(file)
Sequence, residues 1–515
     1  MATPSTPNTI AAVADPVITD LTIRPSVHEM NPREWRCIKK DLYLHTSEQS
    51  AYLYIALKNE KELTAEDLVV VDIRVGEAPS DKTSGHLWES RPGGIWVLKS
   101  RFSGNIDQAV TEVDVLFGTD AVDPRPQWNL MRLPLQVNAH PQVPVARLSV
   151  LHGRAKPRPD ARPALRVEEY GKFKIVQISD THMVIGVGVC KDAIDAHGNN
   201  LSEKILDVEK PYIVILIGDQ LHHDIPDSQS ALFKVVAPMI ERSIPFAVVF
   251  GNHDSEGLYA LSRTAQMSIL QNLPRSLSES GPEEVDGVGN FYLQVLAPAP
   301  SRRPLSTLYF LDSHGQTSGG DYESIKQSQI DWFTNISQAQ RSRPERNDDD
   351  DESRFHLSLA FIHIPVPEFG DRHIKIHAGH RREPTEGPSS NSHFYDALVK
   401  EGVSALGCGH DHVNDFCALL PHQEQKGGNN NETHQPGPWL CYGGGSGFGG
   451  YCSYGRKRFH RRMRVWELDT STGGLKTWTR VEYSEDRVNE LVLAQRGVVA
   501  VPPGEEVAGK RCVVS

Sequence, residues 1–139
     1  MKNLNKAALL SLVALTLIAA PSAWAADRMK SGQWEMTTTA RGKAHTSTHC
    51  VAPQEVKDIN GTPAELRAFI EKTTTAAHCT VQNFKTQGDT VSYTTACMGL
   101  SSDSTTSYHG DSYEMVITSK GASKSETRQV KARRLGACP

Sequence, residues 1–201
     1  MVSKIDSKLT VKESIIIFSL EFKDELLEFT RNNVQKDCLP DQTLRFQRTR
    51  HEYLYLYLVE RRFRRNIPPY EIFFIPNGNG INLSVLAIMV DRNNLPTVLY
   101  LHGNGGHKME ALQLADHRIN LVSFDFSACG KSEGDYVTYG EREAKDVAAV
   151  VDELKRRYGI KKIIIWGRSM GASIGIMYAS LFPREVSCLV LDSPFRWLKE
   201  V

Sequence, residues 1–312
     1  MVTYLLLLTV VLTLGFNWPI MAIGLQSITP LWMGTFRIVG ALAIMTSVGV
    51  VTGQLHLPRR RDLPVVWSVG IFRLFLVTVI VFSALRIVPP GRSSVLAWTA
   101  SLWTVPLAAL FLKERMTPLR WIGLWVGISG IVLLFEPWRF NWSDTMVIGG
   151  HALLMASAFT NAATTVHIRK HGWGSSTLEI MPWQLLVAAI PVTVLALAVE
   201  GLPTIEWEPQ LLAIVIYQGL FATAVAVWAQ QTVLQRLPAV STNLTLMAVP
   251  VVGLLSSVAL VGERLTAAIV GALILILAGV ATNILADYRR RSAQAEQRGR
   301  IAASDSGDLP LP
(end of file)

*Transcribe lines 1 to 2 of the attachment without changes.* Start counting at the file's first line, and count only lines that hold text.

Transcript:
Sequence, residues 1–515
     1  MATPSTPNTI AAVADPVITD LTIRPSVHEM NPREWRCIKK DLYLHTSEQS